Eventually, I gave up and started taking my lunch and dinner plates back to my room rather than eating out on the terrace beside the buffet. However, I did go along to the regular scheduled volleyball and tennis tournaments, and that paid off during the last couple of weeks of my stay, when I met a group of Belgians who were very keen on volleyball.

They played every morning and evening and invited me to join them, so I went along and got to know them pretty well. There were Goodness knows how many Belgians and other Francophone tourists in the resort, so I’m glad I could speak French.

The social ostracism is the worst part of any residential assignment abroad, so it was good to be able to have a chat with a few people over the age of 14!

All in all, I had a very good trip. The clients were happy, I came back with a proper tan for the first time since I ‘retired’ at 29, and I tried out something I’ve always wanted to do. I also managed to take hundreds of pictures.

What could be better? The only disappointment hit me when I got back home to the UK and found that all the sunny beaches and beautiful girls in bikinis had disappeared. My turkey was cold after all…

 

 

Tweets from Turkey

Sunbathing

Sunbathing in Bodrum is like watching French films – you end up thinking breasts aren’t special at all. I need someone to set me straight…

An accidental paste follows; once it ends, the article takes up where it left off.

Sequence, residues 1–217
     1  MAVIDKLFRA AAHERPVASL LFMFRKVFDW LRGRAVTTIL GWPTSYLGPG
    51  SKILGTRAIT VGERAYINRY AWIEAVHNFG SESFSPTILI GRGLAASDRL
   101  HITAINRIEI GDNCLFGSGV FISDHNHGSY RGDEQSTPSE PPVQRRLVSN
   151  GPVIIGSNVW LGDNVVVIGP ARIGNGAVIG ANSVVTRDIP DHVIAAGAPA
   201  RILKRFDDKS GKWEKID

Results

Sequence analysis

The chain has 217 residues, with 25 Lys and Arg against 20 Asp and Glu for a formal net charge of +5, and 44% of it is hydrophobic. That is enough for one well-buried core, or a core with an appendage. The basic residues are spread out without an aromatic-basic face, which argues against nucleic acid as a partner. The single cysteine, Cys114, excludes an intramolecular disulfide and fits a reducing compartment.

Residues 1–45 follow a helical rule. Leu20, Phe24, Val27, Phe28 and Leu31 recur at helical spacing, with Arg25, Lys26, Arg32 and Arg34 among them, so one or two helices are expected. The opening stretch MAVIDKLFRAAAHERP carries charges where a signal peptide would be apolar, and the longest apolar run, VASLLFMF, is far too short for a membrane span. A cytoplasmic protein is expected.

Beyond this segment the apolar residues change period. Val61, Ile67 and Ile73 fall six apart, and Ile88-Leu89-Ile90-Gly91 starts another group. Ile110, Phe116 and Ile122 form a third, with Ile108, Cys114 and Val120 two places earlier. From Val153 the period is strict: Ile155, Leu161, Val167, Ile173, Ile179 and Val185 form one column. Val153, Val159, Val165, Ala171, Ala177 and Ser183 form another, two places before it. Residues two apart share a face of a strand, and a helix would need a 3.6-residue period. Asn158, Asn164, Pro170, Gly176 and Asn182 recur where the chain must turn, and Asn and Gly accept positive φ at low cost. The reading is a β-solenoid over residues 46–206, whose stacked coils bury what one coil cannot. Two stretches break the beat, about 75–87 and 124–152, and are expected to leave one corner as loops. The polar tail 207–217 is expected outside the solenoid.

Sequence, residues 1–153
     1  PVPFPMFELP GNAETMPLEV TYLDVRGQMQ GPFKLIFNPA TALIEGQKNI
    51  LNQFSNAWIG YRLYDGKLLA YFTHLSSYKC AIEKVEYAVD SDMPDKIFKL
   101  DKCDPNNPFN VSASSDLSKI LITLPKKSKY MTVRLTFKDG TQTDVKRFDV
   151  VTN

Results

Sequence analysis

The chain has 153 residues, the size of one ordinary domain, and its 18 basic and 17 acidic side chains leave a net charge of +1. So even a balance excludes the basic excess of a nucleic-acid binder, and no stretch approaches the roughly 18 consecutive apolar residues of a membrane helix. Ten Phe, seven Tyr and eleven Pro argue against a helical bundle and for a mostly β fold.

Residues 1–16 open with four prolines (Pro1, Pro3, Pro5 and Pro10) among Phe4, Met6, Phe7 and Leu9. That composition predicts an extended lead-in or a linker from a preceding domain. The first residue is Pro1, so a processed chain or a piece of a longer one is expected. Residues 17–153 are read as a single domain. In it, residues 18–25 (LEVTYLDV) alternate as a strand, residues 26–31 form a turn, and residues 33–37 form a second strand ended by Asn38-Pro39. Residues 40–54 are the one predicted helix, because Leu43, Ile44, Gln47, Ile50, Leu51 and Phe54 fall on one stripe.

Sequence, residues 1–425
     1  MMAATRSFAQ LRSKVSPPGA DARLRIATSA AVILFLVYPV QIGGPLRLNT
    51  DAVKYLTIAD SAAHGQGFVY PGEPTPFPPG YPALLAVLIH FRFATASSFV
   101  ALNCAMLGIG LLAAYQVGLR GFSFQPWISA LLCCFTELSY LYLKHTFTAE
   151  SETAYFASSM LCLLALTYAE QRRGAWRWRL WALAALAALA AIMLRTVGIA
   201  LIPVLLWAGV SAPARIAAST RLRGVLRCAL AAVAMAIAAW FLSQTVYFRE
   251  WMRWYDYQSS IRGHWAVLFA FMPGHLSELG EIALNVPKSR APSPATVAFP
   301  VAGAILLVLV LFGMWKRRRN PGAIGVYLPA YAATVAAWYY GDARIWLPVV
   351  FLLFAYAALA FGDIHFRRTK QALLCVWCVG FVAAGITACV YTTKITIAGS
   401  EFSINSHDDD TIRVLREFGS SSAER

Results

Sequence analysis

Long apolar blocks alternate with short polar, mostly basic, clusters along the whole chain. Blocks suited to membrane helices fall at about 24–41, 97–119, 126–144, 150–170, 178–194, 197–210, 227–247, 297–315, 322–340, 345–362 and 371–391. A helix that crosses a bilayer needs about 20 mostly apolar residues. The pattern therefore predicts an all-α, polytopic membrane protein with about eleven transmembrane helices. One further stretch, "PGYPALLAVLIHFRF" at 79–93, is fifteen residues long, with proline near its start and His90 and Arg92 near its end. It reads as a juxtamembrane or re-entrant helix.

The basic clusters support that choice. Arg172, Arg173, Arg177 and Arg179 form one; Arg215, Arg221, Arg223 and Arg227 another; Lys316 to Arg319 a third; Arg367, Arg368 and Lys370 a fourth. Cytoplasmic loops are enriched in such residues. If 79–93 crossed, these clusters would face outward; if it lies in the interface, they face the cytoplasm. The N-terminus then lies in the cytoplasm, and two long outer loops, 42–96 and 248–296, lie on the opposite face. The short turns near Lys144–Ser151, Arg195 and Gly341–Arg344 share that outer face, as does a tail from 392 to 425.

I saw a dolphin playing in the sea and someone having sun cream rubbed in by two beautiful Thai girls. I’m not sure which impressed me more…

When a woman spends 5 mins putting on her bikini top, should you a) ignore her, b) offer your help or c) ask the topless woman next to you?!

The area around the swimming pool here is like a walrus haul-out in the Arctic, except the creatures are 700lbs lighter (in most cases)…

They may not be as glamorous as polar bears in the Arctic, but there’s still a place for French blondes in bikinis called Aurélie…

Food

I’m the least observant person in the world. It’s taken me a week to find the muesli! Now, where’s the champagne and caviare…

One day, I’ll get bored of dining on the terrace while watching the sun set over the Mediterranean, but it won’t be this week…

This hotel is so posh they put soy sauce in a sherry glass. Impractical, but classy.

I’m going to write a book called The All-You-Can-Eat Buffet Diet. It’ll have the same hundred recipes on every page…

For dinner tonight, I was tempted by the ‘turkey chest’ with ‘potetoes’ or ‘fish from the owen’, but I chose pizza instead. Easier to spell…

The French/Belgians

We almost had a Casablanca moment today. When a hundred Germans are singing German drinking songs around the pool, it can only end badly.

It’s a sad day when a pretty French girl in a bikini asks if she can lie next to you on the sun lounger but then calls you ‘vous’. Sigh…

I just heard a French woman say, “Un, deux, trois – cheese!” to her children. Photography, the universal language…

It’s hard to be one of the lads when you’re playing volleyball with Frenchmen. I call them ‘tu’, but I’m so old they have to call me ‘vous’!

“Due to the Belgium National Feast, the 21st. of July, we would like to invite you to a cocktail at the pool, today at 19:30pm. Isil Club”